The Museum of Hoaxes
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Rachael Ray cooks her family and her dog
Eccentric's last prank, 66 years after his death, 1900
Paul Krassner's Stereophonic Hoax, 1960
September Morn, the painting that shocked the censor, 1913
Monkeys pick cotton, a 19th-century urban legend
Loch Ness Monster Hoaxes
Sober Sue, the woman who never smiled, 1907
The Hitler Diary Hoax, 1983
Samsung invents the on/off switch
Mule elected G.O.P. committeeman, 1938
Vrain Lucas, 1870
Few accounts of forgery are as strange as the case of Vrain Lucas.

Lucas's career as a forger began in 1851 when he met the esteemed French mathematician Michel Chasles. Lucas showed the mathematician a few letters he claimed to have found written by famous historical personages such as Joan of Arc and Charlemagne. Chasles was intrigued, so Lucas began "finding" more letters for him.

The letters that Lucas presented to Chasles were written by a broad spectrum of historical celebrities including Julius Caesar, Aristotle, Alexander the Great, Lazarus, Mary Magdalene, and Shakespeare, but they all shared a few things in common. Their content always reflected favorably on France, and they were all written in French. Most of them were even written on the same watermarked paper (even the ones supposedly from the early Roman empire).

For some reason, none of this ever caused Chasles pause. He kept buying whatever Lucas produced, and Lucas eventually produced thousands of these letters.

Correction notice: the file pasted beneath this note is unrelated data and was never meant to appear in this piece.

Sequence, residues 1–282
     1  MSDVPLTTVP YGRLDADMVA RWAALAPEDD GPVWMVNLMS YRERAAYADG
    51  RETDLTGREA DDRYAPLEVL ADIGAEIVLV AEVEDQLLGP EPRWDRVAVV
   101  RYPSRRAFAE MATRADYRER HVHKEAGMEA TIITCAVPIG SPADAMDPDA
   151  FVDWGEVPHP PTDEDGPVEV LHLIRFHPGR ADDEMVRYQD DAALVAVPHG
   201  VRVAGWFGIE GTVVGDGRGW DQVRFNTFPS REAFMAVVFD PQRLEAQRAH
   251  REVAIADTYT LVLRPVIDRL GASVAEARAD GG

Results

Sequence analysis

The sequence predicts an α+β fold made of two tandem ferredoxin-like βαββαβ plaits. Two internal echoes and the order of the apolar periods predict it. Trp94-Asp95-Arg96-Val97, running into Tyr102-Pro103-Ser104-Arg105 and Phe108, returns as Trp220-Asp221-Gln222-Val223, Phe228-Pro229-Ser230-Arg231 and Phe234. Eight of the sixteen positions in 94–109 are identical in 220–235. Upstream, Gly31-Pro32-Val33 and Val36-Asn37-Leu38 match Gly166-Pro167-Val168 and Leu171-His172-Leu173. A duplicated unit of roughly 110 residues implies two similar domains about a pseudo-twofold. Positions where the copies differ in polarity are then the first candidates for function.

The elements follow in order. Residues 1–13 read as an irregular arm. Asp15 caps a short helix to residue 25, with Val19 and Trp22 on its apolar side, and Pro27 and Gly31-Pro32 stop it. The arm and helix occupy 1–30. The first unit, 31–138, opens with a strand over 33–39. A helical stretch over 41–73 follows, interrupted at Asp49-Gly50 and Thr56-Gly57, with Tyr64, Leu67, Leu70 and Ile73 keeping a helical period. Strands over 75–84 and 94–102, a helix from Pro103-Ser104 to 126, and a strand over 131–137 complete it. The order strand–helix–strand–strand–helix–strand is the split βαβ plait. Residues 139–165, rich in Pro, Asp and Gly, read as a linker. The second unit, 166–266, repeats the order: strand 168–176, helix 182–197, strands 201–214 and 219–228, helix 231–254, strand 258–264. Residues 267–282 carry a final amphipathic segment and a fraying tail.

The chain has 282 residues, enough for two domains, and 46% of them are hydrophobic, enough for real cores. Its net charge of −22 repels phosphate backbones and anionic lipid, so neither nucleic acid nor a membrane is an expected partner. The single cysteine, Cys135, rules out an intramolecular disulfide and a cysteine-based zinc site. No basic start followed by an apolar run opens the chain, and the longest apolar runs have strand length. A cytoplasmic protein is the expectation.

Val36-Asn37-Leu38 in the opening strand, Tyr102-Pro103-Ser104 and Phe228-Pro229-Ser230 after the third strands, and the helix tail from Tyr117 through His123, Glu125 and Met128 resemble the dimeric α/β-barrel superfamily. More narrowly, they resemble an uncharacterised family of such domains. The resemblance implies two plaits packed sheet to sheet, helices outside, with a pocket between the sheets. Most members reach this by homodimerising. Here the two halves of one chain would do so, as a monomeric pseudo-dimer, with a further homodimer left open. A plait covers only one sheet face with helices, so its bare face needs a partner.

Suspicion was only raised when a scholar noticed that sixteen of Lucas's letters letters had been copied from a 1761 manuscript. But even then, Chasles defended Lucas. It was only when Lucas failed to deliver 3,000 autographs, which Chasles had paid in advance for, that Chasles finally brought charges against him. This was in 1869, eighteen years after the two men had first met.

In February, 1870 Lucas was sentenced to two years in jail. As he was taken away to prison, it was discovered that he had been preparing a special manuscript for Chasles before he had been interrupted by the trial. It was the text of the Sermon on the Mount written by Jesus himself in French.

Links and References
  • Henri Leonard Bordier, The Prince of Forgers, Oak Knoll Press. 1998.
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All text Copyright © 2014 by Alex Boese, except where otherwise indicated. All rights reserved.